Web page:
July 15, 2024

A court in Uganda has charged a man with terrorism along with other offences over the killing last month of two tourists and their guide.

Abdul Rashid Kyoto is allegedly a commander in the Islamic State-linked Allied Democratic Forces (ADF) militia.

He is accused of killing a honeymoon couple from the UK and South Africa and their Ugandan guide in an attack in a national park on 17 October.

Mr Kyoto made no comment when the charges were read out.

He will be asked to plead once the case reaches the High Court, which is where murder and terrorism trials are heard.

British citizen David Barlow, his South African wife Emmaretia Geyer and Ugandan Eric Alyai were shot dead on a visit to see gorillas and other primates at the Queen Elizabeth National Park. Their vehicle was also burnt.

The attack was blamed on the ADF, which has a presence in western Uganda, but mostly operates in the eastern part of neighbouring Democratic Republic of Congo.

The two countries have intensified operations targeting the group in recent months.

Among the charges against My Kyoto approved by Uganda’s director of public prosecutions were two of terrorism, three of murder and one of belonging to a terrorist organisation.

Pictures from the magistrate’s court in eastern Uganda show him dressed in a white tunic, or kanzu, and walking with the aid of a crutch under his right arm.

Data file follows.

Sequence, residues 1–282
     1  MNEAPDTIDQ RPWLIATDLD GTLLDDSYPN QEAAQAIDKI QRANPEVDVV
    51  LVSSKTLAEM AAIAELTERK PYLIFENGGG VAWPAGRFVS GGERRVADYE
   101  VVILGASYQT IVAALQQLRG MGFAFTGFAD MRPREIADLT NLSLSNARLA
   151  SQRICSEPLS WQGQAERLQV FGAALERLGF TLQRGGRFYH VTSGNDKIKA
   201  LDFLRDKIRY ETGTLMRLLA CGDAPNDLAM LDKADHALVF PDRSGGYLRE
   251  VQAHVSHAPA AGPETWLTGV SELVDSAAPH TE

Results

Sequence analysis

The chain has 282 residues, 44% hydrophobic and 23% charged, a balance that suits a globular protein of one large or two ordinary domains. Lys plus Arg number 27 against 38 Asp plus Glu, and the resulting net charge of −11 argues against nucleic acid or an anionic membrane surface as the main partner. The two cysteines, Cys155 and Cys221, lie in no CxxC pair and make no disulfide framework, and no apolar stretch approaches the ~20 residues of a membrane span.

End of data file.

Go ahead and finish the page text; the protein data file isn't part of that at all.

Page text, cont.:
He was arrested last week in an army operation on Lake Edward, on the border between Uganda and DR Congo.

“Two of his associates were shot dead and others managed to escape in a boat with their weapons,” a statement from the prosecution authority said.

The ADF has staged several attacks in Uganda in recent years.

In June, a group of ADF fighters attacked a school in western Uganda, killing nearly 40 pupils.

The ADF was created in western Uganda in the 1990s and took up arms, alleging government persecution of Muslims.

Muslims make up almost 14% of the Ugandan population, according to official figures, though the Ugandan Muslim Supreme Council estimates the figure is closer to 35%.

Some members of Uganda’s Muslim community say they face discrimination in public life, such as in education and the workplace.

After defeat by the Ugandan army in 2001, the ADF relocated to North Kivu province in DR Congo.

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